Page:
Sunday, February 22, 2009

Disabled people in Turkey want accessible polling booths so they can vote in March elections

From Today's Zaman in Turkey:

According to the address-based registration database (AKS), 48,265,644 people will be eligible to vote in the March 29 local elections, but 4 million of the 8.5 million disabled citizens eligible to vote will not be able to do so because of inaccessible polling booths.

Şükrü Boyraz, head of the Turkish Association of the Handicapped (TSD), said disabled people are upset that one of their basic rights -- the right to vote -- is being curtailed and that they are being completely ignored.

The head of Turkey's Cerebral Palsy Association, Ramazan Baş, has petitioned a court to remove voting obstacles for the disabled by setting up polling booths on the entry-level floor of the building where polls are to be set up. "Voting is an inalienable right in a democratic order and while citizens are continuously encouraged to participate in elections, measures have not been taken to resolve accessibility problems for Turkey's disabled citizens," he said.

Justice and Development Party (AK Party) deputy for İstanbul Lokman Ayva, who is himself visually impaired, said voting is the sole instrument for a physically disabled person to express himself. Noting that the disabled do not have the money or the ability to organize a protest, Ayva said: "The only place we can express ourselves is at the voting booth, but this right is anti-democratically being blocked. I had submitted a motion for an inquiry, but I think it was put off by the Supreme Election Board [YSK]."

Noting that every vote counts and affects the outcome of the elections, Ayva said voting must be made accessible for disabled citizens, who feel their rights are being restricted. Calling on officials for support, disabled citizens say they want to be able to vote for leaders who are going to provide them efficient services.

Boyraz also drew attention to complaints of the disabled about the physical structure of cities and argued that the needs of the disabled are completely overlooked in the construction of buildings, especially in government buildings where voting takes place as well as sidewalks. Of the 8.5 million disabled in Turkey, 2.5 million use a wheelchair.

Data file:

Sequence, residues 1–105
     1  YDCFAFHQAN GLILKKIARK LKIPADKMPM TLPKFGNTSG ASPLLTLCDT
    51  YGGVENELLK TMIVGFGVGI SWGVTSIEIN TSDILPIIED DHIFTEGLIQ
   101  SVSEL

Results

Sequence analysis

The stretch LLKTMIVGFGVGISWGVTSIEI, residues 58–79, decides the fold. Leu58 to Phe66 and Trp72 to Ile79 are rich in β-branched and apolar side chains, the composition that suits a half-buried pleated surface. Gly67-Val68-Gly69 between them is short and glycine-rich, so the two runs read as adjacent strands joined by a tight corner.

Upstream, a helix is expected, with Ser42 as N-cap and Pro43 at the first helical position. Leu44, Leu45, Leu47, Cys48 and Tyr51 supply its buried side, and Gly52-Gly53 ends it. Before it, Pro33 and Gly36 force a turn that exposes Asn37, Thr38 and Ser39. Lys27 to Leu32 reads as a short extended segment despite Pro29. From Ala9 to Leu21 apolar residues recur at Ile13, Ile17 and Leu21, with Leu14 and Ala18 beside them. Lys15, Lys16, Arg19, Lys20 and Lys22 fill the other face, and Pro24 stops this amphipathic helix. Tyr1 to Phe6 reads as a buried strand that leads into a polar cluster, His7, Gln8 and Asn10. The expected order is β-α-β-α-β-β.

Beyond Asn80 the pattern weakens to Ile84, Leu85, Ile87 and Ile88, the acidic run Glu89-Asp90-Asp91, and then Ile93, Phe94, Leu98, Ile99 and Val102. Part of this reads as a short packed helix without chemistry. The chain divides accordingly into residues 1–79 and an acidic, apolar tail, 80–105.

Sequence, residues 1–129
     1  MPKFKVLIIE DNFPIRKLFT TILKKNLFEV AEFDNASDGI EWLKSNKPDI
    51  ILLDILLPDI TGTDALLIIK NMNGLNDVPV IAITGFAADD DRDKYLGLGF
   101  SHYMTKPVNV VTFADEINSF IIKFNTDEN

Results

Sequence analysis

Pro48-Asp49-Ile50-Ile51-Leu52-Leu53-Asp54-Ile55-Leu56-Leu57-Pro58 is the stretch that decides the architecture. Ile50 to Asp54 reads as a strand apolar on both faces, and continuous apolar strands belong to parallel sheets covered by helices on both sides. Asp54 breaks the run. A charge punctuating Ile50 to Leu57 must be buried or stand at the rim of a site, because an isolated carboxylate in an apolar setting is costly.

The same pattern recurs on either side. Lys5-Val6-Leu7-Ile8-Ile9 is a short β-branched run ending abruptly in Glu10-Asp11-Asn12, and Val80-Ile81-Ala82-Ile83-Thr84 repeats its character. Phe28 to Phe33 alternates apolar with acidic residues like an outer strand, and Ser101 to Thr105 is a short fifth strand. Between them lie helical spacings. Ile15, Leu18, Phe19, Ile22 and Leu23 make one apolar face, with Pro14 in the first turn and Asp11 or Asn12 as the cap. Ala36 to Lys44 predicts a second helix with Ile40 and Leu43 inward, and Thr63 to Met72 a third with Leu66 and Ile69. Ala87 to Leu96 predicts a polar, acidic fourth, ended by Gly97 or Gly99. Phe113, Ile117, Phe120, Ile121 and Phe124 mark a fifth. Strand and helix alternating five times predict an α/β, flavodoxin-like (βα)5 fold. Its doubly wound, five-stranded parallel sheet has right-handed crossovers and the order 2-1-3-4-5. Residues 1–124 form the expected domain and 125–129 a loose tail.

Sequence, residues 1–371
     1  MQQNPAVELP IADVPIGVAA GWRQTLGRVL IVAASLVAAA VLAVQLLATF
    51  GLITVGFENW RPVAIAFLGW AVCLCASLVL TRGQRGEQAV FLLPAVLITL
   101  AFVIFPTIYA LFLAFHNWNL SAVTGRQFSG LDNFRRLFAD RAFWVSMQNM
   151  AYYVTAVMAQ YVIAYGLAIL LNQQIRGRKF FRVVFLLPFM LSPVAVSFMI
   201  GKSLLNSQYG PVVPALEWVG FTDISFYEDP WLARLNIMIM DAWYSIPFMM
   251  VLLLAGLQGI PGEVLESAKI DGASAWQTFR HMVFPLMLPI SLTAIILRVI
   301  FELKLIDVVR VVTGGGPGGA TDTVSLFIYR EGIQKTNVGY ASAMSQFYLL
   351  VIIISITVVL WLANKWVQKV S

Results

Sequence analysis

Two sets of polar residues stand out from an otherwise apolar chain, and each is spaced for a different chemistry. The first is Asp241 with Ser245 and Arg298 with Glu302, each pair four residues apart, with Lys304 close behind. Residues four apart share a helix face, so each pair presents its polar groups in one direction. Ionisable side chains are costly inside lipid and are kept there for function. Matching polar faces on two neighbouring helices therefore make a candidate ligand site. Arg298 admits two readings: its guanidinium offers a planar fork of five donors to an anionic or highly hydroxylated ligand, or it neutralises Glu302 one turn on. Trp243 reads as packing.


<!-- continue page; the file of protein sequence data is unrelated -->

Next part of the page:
"If half of these people are eligible to vote, that would mean 1.5 million votes. More than a million voters will not be able to participate in the election because of the inaccessibility of voting booths," Boyraz said.

Some disabled citizens who refuse to be left out of the elections have friends and families carry them to upper levels where voting boxes are located to cast their vote. Boyraz noted that some political parties provide transportation services for disabled citizens on election day. The disabled are so grateful they often change their mind at the last minute and vote for the party that gave them the opportunity to vote. Some political parties do this intentionally to win votes.

The TSD has turned to the Supreme Election Board (YSK) on several occasions to improve poll accessibility, and each time the YSK has said the next elections would be different.

"But it hasn't changed much," Boyraz said, adding: "A measure the YSK introduced was to have the ballot box carried to the ground floor where disabled citizens could vote. However, I have yet to see 20 poll station workers stop everything and bring the ballot box to the lower floors. It is very hard for them to do this when there long lines upstairs. The best alternative is to set up ballot boxes on entry levels for disabled citizens."

Baş also recalled the YSK decision on voting-related issues of disabled citizens and said that according to the YSK decision, the ballot box was to be carried to the entry-level floor for disabled citizens that had applied to the YSK in advance for this type of service.

"We have never seen this happen, though," Baş said, adding that there is no law requiring the disabled to turn to the YSK to make voting accessible. Baş is awaiting a response from the YSK on whether disabled voters need to re-apply to make voting accessible in the upcoming elections.

Citizens eligible to vote but who do not do so face fines, though this sanction is seldom enforced. Many disabled want to vote but cannot, leading Baş to file a lawsuit claiming that disabled citizens should not be held accountable for not voting. A decision has yet to be made on the case.

Visually impaired citizens also experience accessibility problems at voting booths. There are many among the 450,000 visually impaired citizens who are eligible to vote. Blind citizens vote with the help of another person, but this defeats the purpose of casting a secret ballot, said Süha Sağlam, the president of an association for the visually impaired called Altı Nokta Körler Derneği.

Blind citizens could vote in secret if the ballot paper at least featured the emblem of the party in Braille lettering, Sağlam said and added that electronic voting could solve this problem completely.

Hakan Ercan, 34 years old and visually impaired, said: "In the last elections, I voted at the Fatih Ahmet Rasim Elementary School. My booth was on the third floor. I asked for the ballot box to be brought down, but the officials didn't comply. The mukhtar and some people carried me upstairs so I could vote. I don't want to go to this election, but I am worried about being fined."